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When we revise, we are now doing the hard part of writing. Hopefully, the Parthenon now exists in your mind. Revising is creating something that can build the same building in the reader’s mind.
Consider what’s involved. You’ve got something all worked out in your mind. You may even be visualizing it as a three-dimensional figure. It has parts. It’s complicated and there are a lot of relationships and connections among the parts. Language, spoken or written, is a linear medium. First, you say something. Then you say something else. Then. Then. Then. And finally, you say the last thing. Written language is often one-dimensional. So how can you send a complex system of ideas - your argument - through this narrow channel? Well there’s 3d scanners now, and the Internet is pretty good at sending lots of 1s and 0s, and there’s 3d printers now. So if I can scan a bird house, and beam the data to a printer on another continent, and it can be printed out, there must be a way to do this.
Feedback from a reader helps a lot when you are revising. But criticism can be hard to take when you're unsure of what you're doing. I think a lot of people, even teachers, assume that feedback is: “This is bad, this is bad, you did this wrong, this is OK… Etc.” No! The best feedback at this stage is when someone holds up a mirror to you so you can see your argument from the outside.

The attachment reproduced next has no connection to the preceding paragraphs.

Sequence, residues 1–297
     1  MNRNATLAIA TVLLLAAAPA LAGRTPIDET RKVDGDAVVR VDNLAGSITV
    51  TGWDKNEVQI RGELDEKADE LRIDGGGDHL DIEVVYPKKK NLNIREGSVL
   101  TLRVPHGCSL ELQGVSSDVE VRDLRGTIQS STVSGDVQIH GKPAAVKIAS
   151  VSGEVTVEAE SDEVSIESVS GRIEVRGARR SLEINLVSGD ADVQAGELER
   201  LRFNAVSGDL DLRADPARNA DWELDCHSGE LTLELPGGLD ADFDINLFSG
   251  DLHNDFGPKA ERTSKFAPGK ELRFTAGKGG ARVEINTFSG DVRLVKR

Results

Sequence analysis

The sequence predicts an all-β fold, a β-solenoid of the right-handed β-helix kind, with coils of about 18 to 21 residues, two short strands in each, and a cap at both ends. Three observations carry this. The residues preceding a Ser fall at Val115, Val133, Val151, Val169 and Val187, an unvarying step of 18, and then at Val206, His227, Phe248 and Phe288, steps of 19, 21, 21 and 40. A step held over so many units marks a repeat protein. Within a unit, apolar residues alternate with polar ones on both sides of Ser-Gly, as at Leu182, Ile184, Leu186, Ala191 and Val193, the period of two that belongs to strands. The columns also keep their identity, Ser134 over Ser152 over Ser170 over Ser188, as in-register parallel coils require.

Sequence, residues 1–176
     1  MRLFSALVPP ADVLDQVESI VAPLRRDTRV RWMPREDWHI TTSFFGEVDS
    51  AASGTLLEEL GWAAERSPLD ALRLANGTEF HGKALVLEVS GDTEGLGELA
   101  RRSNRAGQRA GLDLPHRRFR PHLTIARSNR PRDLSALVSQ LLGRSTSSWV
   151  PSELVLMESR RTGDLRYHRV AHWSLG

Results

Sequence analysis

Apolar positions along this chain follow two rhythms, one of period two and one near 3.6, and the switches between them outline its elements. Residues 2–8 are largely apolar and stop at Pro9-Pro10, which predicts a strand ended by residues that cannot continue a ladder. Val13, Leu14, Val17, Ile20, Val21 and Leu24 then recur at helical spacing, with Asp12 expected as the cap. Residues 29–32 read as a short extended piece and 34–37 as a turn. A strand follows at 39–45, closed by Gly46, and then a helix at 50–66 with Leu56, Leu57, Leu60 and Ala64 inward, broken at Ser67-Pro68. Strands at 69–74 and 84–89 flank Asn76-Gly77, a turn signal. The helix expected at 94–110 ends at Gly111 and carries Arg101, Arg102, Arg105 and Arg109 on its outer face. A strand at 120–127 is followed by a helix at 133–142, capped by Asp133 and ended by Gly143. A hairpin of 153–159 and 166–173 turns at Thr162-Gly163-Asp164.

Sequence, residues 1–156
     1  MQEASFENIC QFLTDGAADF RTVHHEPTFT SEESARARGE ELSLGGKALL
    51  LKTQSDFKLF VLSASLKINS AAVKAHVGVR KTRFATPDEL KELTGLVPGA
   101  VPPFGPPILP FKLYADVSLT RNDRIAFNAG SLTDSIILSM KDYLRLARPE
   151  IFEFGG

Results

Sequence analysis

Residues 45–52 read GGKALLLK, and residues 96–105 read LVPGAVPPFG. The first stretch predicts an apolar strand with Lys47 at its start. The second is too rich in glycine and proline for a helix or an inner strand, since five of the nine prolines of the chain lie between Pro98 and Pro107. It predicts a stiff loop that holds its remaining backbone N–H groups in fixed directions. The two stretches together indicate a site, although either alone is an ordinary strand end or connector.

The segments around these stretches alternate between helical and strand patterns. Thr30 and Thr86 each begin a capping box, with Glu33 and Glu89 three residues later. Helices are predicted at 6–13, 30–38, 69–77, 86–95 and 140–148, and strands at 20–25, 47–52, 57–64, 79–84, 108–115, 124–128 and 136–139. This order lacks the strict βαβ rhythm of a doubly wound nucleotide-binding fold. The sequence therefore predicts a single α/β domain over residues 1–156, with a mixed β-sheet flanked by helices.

Just ask someone to read your stuff, and then ask them, “Before you start, can you please tell me what you got out of my writing? Can you summarize what you read? Then you can say what you thought.” A good reader will then neutrally paraphrase your thesis statement, the structure of your argument, and how it came to a conclusion (the thesis statement), all without editorializing. Then they may also have some comments, and that's fine too. But the mirror is the most helpful part. If you built your Parthenon in their mind, then they will be able to repeat it back to you. If not, then you know what to work on. Chances are it'll be half-half. You will be surprised at how people can misunderstand the most incredibly…! obvious…! things…! that I said a million times…! (Ahem… Excuse me.) The point of mirroring is to simply identify the parts where the reader needs a little handholding.
The main way you build an argument in your reader’s mind is, basically, through strategic repetition. Revising is when you will be able to survey your argument and see where you need to repeat yourself, hopefully not in the exact same words, but hey, whatever works. Take the thesis statement. You say it up front, hopefully first. You announce to the reader what the goal of this paper is. Every time you take a step towards the goal, when you provide evidence, for instance, you reiterate the goal, and you explicitly say, “I have taken a step toward convincing you that my thesis is the answer. Now we will move on to another step. At the end, you will see why I have reached my conclusions.” Then at the end, you state your thesis again. You earned it, and now when you say it, you can be confident that the reader gets it, because you led the reader there.
All this repeating can sound very stilted, boring, stodgy… Good. It can sound basic. Good. It can sound like it’s really obvious, and you may think, “Shouldn’t uni essays reflect higher virtues?” No. It’s not obvious, because your reader doesn’t know what you know. And you don’t need to worry about how it ‘sounds’. It’s not about sounding impressive or slick. It’s about punching the reader in the face with your thesis statement over and over. The best writers wear velvet gloves when they do this, but they are still punching away. All of this becomes clearer as you revise an early draft. Remember when Lisa Simpson went to Washington, D.C.? Revising.
Archer, Wes. 1991. “Mr. Lisa Goes to Washington.” The Simpsons, Episode #8F01. Fox Broadcasting Company, September 26. http://www.snpp.com/episodes/8F01.html.